The demand for design talent is incredibly high in the current market. That being said, finding a job in the industry might not be a smooth ride for everyone.
It can still be truly challenging to find a design job without having sufficient experience. If you are a student starting your career in logo design, you can use the following tips to get the ball rolling.
1. Research the Field
Whether you are a logo design student or just switched careers to be a designer, it is always important to do your research first. If you are still in the initial stages, one of the best approaches to adopt would be to check out a free or inexpensive introductory course on an online platform such as Udemy or Coursera.
Additionally, you can learn a lot by listening to podcasts or videos of successful professionals in this field. Of course, it would also be a good idea to connect with logo designers directly by reaching out to them via social media networks or LinkedIn. We suggest that you talk to at least ten people so you will get more than one perspective and will be able to notice consistent trends.
2. Work on a Signature Style
Studying logo design may help you achieve the foundation you need in the design niche. However, an employer is likely to hire you based on your portfolio rather than your certificates. And in order to set yourself apart, you need to work on a specialty style for your logos or the way you approach work.
This means that you will have to create a portfolio good enough to send in with job applications. Understandably, finding time for creative work outside your college assignments can be a challenge. But you can order custom writing at EssayPro to get help with papers. Focusing on a niche and a specific style that can resonate with a wide range of customers will help you get the attention of clients as well as employers.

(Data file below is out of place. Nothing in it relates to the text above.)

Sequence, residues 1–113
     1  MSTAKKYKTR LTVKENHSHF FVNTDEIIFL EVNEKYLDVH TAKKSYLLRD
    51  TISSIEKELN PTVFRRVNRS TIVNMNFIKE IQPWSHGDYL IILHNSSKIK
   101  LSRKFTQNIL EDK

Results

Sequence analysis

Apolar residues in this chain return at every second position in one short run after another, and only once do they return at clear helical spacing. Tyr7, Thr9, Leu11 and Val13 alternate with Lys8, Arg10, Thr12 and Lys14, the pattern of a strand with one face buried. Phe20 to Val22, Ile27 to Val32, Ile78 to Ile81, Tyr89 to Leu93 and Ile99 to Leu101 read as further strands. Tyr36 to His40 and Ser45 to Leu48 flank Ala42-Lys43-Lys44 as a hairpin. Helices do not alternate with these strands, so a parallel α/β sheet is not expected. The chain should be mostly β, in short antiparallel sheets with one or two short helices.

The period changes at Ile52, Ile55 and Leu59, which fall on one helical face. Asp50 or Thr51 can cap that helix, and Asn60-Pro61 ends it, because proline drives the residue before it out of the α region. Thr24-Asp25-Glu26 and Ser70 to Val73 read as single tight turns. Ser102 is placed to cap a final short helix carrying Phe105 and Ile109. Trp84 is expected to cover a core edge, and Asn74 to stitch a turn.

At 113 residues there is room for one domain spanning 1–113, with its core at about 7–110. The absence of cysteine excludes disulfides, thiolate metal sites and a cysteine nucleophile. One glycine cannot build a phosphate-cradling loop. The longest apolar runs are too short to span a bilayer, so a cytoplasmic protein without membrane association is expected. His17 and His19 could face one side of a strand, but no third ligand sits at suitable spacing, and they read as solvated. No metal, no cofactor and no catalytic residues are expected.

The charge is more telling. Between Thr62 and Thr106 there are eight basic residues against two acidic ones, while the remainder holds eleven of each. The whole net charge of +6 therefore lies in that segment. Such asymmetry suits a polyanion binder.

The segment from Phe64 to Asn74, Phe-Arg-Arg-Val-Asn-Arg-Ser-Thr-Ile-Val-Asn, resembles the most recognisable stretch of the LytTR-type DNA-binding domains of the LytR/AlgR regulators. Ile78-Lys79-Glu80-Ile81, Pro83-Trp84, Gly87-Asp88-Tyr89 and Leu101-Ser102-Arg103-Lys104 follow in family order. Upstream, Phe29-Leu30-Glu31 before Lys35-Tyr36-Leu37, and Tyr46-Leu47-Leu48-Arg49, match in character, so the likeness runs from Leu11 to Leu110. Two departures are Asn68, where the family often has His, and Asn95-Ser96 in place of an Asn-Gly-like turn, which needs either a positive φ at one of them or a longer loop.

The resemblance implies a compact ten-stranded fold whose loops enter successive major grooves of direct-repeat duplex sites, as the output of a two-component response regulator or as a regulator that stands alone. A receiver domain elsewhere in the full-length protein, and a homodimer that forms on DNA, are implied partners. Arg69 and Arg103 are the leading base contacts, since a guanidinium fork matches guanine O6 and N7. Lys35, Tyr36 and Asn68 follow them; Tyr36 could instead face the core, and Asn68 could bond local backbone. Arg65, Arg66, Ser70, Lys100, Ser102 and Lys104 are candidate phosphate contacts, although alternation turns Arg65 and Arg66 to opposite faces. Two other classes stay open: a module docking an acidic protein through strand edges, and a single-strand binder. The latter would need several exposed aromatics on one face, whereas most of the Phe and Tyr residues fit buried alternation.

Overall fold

Unlike other design projects, if you do not have a client, it can indeed be a tough job to create logos. However, if you are unable to get paid or even free work, you can try redesigning the logos of existing companies. This can be immensely helpful in developing content for your portfolio.
You need not pick famous logos that have already left an impression on a wide audience. Instead, you could redesign something less popular and include how you arrived at the concept in your portfolio.
Even if you are focusing on logo design, you can also extend your redesigning endeavors to other projects such as brand identities, websites, posters, and more. This can help stretch your creativity and start thinking outside the box when building your portfolio.
4. Get Familiar With the Tools
Needless to say, as a logo design student, you will be expected to know your way around the most used tools. However, your curriculum might limit you to a few. As such, you might have to learn by yourself the other popular design tools.
Here is a list that you can consider:
- Photo editing software – Adobe Photoshop, Affinity Photo